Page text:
We all know dwarves are stocky, have beards, and live in caves in the mountains. Snow White, Arthur Rackham, Tolkien, Wagner, Nordic mythology: all have established this archetype. I began by developing the race of dwarves by looking at where they lived. The mountainous terrain and mining lead to the beards, broad hands, shoulders and low center of gravity. The culture of mining and rock inspired a faceted aesthetic that I felt would pervade the art of the dwarves and give them a distinctive look.
Dwarves are a hard people, with a hard-edged style. The design team told me that dwarves should look like tanks. The beards became a fun experiment. Since no one ever sees a dwarf without a beard, it must hold a strong social, possibly even religious significance. I decided that the beards would be a key to individualizing characters denoting family, personal history and clan affiliation. Once the beards were designed, I found that the only facial feature that could be seen through all the hair was the nose, so I thought it would be very striking if it were prominent, since throughout art history dwarves have large noses, and small-nosed dwarves tend to look like Santa.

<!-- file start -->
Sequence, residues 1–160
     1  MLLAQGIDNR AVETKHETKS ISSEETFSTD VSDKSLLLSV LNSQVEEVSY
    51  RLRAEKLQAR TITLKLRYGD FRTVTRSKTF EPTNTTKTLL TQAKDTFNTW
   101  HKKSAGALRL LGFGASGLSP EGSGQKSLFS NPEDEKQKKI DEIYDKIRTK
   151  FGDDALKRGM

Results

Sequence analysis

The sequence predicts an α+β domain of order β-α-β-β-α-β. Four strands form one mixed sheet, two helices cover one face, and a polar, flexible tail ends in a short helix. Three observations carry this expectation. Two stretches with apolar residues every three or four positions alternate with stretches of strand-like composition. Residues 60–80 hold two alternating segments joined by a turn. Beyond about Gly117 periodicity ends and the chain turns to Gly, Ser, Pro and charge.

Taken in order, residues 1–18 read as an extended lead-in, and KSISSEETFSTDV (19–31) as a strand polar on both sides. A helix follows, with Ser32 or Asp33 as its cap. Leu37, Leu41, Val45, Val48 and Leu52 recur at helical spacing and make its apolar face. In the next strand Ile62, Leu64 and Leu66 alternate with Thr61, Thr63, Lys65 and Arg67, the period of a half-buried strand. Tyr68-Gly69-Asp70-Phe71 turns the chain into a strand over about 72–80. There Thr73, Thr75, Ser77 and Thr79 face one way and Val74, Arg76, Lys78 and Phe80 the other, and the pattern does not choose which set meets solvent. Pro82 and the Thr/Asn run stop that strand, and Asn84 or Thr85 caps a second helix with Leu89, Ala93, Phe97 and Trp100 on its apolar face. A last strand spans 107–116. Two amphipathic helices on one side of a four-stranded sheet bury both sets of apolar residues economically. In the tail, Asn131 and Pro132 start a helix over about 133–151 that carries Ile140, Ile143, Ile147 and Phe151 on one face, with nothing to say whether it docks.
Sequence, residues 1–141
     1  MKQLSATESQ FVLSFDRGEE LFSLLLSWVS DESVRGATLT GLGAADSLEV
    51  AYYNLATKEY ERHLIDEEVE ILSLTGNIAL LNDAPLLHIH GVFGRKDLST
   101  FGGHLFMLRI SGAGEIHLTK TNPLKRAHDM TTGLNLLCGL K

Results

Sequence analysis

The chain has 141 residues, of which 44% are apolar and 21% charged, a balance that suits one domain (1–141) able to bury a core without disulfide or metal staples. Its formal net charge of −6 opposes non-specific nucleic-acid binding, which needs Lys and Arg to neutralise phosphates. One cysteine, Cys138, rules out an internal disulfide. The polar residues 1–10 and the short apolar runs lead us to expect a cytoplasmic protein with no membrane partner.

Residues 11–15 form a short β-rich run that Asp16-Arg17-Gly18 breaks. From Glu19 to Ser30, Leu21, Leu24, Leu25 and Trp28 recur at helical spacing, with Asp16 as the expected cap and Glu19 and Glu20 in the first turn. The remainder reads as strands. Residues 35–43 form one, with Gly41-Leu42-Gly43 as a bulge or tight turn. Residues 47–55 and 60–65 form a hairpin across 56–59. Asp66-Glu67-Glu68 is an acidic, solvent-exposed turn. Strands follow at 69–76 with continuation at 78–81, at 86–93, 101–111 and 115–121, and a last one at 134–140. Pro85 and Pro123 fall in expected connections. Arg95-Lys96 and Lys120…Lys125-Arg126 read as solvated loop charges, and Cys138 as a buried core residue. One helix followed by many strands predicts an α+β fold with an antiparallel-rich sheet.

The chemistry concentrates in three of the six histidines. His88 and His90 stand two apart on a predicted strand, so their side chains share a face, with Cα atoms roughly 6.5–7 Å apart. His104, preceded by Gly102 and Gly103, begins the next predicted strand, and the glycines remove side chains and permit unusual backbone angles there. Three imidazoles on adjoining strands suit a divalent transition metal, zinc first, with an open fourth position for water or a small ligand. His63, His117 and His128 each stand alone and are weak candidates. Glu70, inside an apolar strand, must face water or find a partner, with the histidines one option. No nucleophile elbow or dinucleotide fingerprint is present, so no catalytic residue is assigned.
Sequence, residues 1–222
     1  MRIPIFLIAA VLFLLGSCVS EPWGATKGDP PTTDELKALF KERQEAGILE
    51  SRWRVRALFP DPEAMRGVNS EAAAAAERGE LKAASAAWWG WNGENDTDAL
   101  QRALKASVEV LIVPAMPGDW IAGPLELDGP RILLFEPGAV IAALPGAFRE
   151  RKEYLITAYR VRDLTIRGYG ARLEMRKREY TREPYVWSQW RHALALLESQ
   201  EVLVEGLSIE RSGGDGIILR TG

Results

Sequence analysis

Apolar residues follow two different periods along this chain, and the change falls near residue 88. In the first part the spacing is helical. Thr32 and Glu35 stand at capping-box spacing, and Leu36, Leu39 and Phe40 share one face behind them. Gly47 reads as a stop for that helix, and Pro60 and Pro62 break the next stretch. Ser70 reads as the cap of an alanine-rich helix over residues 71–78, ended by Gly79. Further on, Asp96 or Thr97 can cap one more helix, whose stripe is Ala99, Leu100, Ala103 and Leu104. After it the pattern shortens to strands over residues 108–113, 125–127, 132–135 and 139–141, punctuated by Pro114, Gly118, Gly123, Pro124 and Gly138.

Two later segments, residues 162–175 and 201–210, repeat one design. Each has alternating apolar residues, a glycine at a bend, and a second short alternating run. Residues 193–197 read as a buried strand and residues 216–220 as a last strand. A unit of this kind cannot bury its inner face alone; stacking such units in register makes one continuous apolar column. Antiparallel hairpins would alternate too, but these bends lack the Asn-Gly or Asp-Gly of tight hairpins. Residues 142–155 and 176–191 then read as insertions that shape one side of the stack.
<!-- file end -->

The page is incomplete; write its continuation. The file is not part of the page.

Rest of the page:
The female dwarves were a much greater challenge. The design team felt that they had been ignored in earlier versions because they are always depicted as so unattractive and masculine. I was directed to make them beautiful, even sexy. Short, stocky and large nosed is not exactly a schema for the classic female beauty. I had no inclination to depict them with beards or soft cherubic faces. Broadening the face and balancing the design with piles of hair and slightly bigger eyes was my solution.